Q: Let’s talk about Beth’s singing. Daryl’s on the fence about it, but do you look forward to those scenes?
A: It’s a good way to give a glimpse into Beth’s life, in a way. With the kind of music a person listens to, you feel like you really know somebody. When I first meet people, I send some songs to them. So I think having Beth sing on the show is a good way to let people feel like they know a bit of her inner life. This season I sing another Tom Waits song to Judith, “I Don’t Wanna Grow Up.” Beth is definitely a Tom Waits fan.
Q: Beyond Tom Waits, what might Beth’s musical preferences be?
A: I’m sure she’s aware of Top 40 music because she’s a teenager, but I’m sure she goes off and searches for something else, too. I’ve definitely thought that since she’s from Georgia, there’s some music from there in her collection. But I think her taste is a little more indie, too. I think she’s influenced by whatever her mom was into — and that’s why there’s that “Parting Glass” style of song.
Q: Did you know her character was going to be on such a roller coaster ride this season?
A: They don’t tell you much, but I did know that Beth would have a boyfriend at the beginning of the season and she’d be trying out this different, more hardened way of dealing with it. She’s trying on these attitudes, the way a lot of teenagers do, to find ways to deal with the loss around her. I also knew that she would get separated at some point, and I knew that she would form a really good bond with the person she got separated with. You don’t get to hear a lot of Beth’s voice in most of last season, but there was that point a few episodes ago where she was writing, and it’s a voiceover of the whole ordeal and her thoughts on things. That was so great for me because before I was just filling it in with my own imagination.
Q: Has that storyline affected your own music that you write at all?
A: My EP that came out, Expired Love, is about my story. But I do think that with my acting career, my style seeps into my career a lot. My songs are similar to Tom Waits in that they’re little stories. Sometimes I write songs based on one word or feeling that keeps popping up for me. And I do feel like, because I’ve never played a character for so long, that it can’t help but seep its way into things. It’s like, maybe this is why a particular idea keeps coming up for me, because this is something that we keep dealing with on the show!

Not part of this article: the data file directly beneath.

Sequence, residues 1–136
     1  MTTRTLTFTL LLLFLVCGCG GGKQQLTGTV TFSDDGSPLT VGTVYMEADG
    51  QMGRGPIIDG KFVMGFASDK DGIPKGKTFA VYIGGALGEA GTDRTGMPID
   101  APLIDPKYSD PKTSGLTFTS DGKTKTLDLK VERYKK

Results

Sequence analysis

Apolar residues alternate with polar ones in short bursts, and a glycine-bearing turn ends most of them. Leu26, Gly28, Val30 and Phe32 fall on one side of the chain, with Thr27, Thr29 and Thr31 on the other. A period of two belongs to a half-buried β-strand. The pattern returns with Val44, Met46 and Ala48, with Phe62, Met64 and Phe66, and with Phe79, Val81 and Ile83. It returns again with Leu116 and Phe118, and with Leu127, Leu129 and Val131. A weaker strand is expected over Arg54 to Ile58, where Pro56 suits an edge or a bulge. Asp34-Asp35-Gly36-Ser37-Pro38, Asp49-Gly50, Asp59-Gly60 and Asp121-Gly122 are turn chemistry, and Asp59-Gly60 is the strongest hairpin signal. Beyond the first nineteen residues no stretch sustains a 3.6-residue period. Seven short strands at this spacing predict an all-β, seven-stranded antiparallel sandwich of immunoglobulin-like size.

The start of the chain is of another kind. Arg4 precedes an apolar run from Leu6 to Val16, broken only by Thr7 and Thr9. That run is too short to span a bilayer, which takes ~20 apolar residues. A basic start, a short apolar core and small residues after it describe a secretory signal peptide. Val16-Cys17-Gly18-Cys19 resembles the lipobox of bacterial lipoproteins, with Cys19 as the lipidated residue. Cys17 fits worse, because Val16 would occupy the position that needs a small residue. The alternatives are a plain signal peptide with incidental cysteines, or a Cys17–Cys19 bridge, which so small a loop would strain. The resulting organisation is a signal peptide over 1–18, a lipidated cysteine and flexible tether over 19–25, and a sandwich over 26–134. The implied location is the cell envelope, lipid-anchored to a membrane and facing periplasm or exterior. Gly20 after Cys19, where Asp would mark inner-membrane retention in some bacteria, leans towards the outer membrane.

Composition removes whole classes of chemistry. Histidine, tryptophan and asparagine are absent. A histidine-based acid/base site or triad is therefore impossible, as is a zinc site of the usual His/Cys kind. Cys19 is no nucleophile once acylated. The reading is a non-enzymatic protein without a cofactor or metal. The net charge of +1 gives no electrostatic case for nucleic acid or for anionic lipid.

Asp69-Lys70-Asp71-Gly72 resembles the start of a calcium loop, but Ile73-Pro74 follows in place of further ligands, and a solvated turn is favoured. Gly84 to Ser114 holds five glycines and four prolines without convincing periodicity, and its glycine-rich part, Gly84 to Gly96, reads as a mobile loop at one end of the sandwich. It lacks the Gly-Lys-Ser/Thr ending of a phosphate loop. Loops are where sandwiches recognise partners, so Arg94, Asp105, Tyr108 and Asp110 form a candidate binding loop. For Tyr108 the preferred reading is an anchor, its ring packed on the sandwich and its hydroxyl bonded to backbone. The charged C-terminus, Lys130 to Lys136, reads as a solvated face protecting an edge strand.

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Q: Do you love working with babies on set as much as Beth seems to love Baby Judith?
A: I do because it can be challenging. The baby sort of runs the scene. If they’re going to cry, you have to be quick or it ruins the scene. You have to always be ready because it only matters when the baby is ready. In some ways it makes you less self-conscious, which I like. And also, the baby’s reaction is so real, I think it adds a sense of weight to scenes — it keeps you in the moment.
Q: Has Beth’s growing prominence on the show made you more recognizable off-set?
A: It just depends on the day. Recently in Atlanta it was really intense when I was grocery shopping. I’d never experienced that before. But it’s all good. It’s good to know that someone is watching your work, because that’s why you do it!